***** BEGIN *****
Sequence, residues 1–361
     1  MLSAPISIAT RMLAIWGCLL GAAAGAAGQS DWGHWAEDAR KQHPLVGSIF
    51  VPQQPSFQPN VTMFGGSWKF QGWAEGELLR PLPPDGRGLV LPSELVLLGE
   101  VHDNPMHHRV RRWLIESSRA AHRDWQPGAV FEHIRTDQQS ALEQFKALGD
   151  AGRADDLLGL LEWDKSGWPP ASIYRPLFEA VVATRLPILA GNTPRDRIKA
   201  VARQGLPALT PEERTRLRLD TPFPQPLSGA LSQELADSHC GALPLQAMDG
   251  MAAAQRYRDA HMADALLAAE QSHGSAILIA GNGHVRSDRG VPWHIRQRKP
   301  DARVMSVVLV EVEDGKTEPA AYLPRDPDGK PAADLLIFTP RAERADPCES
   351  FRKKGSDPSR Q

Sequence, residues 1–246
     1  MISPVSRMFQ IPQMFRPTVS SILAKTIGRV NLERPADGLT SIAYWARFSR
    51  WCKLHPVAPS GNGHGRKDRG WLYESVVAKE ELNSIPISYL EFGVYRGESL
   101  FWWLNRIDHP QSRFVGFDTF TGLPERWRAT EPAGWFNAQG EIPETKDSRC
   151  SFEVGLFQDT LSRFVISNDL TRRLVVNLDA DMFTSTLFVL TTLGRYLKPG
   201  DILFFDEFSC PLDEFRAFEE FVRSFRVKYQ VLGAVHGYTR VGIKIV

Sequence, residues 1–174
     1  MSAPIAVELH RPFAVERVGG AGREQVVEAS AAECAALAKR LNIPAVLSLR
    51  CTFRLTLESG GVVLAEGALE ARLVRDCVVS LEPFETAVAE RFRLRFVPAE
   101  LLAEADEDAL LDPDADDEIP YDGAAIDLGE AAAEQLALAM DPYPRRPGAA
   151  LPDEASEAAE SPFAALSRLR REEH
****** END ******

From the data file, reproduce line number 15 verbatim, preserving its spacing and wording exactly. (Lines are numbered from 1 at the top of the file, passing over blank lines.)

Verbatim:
   201  DILFFDEFSC PLDEFRAFEE FVRSFRVKYQ VLGAVHGYTR VGIKIV